Like the Phase 90 and Small Stone, the PH-3 has a control for the rate, or speed of the effect. However, the PH-3 includes two additional effect controls to help dial in the sound of the effect exactly the way you want it to sound. You can control the depth of the phase as well as the resonance of the phaser pedal. These controls can definitely be quite handy in getting the right sound you want to use in each song.
It's flexibility makes it all around perfect for basement rockers and expert guitarists alike. The advanced tone doesn't sound canned at all and is ideal for adding a gleaming impact layer to a guitar track in the studio. The extra control improves it for session guitarists than say, the MXR Phase 90, and is a decent decision for the individuals who appreciate pedal tinkering. With such a great amount of space for tweaking, it's likewise one of the best phaser pedals for the ivories... ahem... keyboard players.
Check out a video of the PH-3 in action:
Welcome to our guide for the best guitar tuner! In this guide I will talk about some of the different kinds of tuners I have come by, the benefits of each kind and also highlight some tuners out there that are worth taking a look at to purchase.
The guitar tuner is a staple for any guitar player whether you have just bought a new guitar and haven’t even played it yet, or are an advanced gigging artist. It is a tool you will need and will want to always have on you or with your gear.
First we should note, there are many ways to tune your guitar other than buying a tuner. You can listen to a piano or other tuned instrument and match the pitch, or you can tune to other strings by holding down an equivalent note on another string. You could get a tuning fork and go the old school route or you can just plain wing it and hope for the best. All of these are strategies but in my honest opinion they are not that great. Why? Because you are relying on something that may not be in tune in the first place and thus may be tuning your guitar out of tune... as convoluted as that sounds.
Due to this fact, I would suggest taking a look at some tuner options and find the best guitar tuner for you. There are many kinds of tuners out there, some cheap, some expensive, some with bells and whistles but most tuners will do what they need to do, tune your guitar! For this review I will be focusing on three types of tuners: the plug-in electronic guitar tuner, the digital guitar tuner pedal, and the chromatic guitar tuner.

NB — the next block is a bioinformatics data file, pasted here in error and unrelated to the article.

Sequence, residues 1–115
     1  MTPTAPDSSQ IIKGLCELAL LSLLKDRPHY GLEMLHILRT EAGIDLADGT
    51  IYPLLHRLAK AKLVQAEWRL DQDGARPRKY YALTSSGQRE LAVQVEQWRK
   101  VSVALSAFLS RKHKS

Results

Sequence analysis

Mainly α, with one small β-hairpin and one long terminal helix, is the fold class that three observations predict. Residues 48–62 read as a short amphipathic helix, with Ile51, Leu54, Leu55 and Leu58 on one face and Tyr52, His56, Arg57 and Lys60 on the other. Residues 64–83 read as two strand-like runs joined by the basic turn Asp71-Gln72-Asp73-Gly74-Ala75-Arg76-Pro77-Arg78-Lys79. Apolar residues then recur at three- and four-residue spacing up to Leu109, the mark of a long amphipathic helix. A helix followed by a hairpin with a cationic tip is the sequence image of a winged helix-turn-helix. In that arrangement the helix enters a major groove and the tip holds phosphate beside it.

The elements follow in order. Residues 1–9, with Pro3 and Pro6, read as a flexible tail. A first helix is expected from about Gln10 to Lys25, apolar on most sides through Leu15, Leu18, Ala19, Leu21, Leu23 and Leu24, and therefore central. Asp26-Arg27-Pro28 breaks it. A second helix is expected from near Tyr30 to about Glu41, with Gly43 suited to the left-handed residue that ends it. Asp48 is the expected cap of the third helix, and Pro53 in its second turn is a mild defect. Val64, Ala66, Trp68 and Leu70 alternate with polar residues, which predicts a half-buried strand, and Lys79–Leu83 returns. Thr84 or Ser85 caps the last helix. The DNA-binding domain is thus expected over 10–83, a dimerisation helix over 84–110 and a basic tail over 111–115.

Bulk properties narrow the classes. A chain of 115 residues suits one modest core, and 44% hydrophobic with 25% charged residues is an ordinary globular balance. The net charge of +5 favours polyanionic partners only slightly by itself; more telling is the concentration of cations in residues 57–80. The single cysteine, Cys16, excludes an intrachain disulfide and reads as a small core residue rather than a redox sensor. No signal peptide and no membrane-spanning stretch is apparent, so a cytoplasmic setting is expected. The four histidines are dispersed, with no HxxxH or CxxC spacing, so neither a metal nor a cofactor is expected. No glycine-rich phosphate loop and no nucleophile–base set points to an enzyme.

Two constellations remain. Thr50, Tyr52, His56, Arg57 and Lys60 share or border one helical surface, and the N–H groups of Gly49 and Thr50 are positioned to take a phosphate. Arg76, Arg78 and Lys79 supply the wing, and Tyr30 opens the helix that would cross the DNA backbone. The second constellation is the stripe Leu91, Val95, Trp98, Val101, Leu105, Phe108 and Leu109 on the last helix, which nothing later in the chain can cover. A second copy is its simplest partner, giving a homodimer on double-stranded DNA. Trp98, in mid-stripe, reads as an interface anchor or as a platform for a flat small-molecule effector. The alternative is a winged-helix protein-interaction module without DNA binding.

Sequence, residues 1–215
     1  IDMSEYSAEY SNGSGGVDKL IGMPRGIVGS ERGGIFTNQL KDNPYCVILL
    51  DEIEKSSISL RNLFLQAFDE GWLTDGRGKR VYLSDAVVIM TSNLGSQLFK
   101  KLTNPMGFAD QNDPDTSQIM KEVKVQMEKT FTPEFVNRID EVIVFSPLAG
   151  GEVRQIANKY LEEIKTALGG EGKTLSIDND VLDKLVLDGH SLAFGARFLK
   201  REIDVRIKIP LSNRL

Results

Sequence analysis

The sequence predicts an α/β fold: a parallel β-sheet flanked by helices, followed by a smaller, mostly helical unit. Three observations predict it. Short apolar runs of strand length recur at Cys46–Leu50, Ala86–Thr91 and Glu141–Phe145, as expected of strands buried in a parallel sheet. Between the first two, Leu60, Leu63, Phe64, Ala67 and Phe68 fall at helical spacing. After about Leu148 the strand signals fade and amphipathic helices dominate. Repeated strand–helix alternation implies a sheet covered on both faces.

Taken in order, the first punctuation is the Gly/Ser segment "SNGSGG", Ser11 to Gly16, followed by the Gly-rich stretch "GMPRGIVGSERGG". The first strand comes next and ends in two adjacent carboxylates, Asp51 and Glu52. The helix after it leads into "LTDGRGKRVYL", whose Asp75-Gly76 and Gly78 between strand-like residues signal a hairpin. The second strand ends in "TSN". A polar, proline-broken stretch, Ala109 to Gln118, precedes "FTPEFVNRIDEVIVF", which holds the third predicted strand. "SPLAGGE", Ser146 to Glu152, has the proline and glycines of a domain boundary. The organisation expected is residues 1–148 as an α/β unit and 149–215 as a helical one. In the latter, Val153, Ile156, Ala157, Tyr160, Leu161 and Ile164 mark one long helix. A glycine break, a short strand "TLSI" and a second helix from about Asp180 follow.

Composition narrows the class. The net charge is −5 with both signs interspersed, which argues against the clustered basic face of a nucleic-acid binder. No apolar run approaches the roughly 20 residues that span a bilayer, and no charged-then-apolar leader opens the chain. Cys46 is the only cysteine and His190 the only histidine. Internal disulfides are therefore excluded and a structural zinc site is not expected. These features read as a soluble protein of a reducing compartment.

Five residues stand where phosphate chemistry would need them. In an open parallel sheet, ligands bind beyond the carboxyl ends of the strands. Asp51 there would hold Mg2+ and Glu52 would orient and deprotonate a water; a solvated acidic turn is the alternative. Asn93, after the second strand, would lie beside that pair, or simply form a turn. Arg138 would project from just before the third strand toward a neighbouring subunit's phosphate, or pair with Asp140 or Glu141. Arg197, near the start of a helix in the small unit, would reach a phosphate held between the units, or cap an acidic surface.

The electronic tuner is a cheap and effective way to tune your guitar. There is nothing too complex about these kinds of tuners. Essentially you take a patch chord, plug one end into your guitar and the other end into the tuner, turn the tuner on and tune your guitar. Most of these types of tuners run on regular AA batteries and are small to fit in a gig bag or even in your pocket. The below electronic tuner is a great electronic guitar tuner:
The Korg GA1 is a great and standard plug in electronic tuner. It is easy to use, has solid accuracy and an simple but effective interface. Korg makes great key-boards, electronic instruments and musical equipment and makes everything with solid quality.
The tuner has a basic on off switch, a switch for picking the sound, the semi tone/how flat the sound is if you want to tune flat, and a switch for picking either guitar or bass. You plug your guitar in to one end of a patch chord and the tuner in the other, pretty basic but is awesomely accurate.
The one drawback, and it’s a pretty big drawback in my opinion, to the plug-in electronic guitar tuner is the fact that you need to unplug your guitar from your pedals, amp or anything else it is plugged into in order to tune. However, the next two tuner types, the guitar tuner pedal and the chromatic guitar tuner, you do not need to unplug anything!
The chromatic tuner is a tuner that allows for some better variation in terms of tuning then a digital or electronic guitar tuner. Now you may be thinking, variation in tuning? What is this guy smoking, isn’t tuning supposed to be exact? It is, but what I mean is in how you tune your guitar. A simple guitar tuner like the one above, is great for standard tuning, and maybe some other kinds of tuning involving flats and some different notes. However, a chromatic tuner tunes to what ever the note that is being played is, without having to follow a set program/signal. This can be very beneficial in case you want to tune your guitar to a different kind of tuning then the standard E, A, D, G, B, E tuning.
Clip on guitar tuners are great because they are small, easy to throw in a gig bag or have on stage and they tune with excellent accuracy. They are also not too expensive so they won’t break the bank account. The clip on tuner tunes without direct input signal from the guitar, it simply clips on to the headstock of the guitar and tune away!
The two chromatic clip-on tuners below are solid chromatic tuner options and each has some pluses and minuses associated with them:
The UberTuner could be viewed as one of the best guitar tuner options for a clip on tuner. It has a big heads up display that is easy to read and runs off of a simple 3V battery that comes with the tuner.
It can be used for a guitar, violin, bass or ukulele and is extremely accurate for all those instruments. It has a basic on/off button and comes with a back lit screen so it is easy to see in all lighting conditions.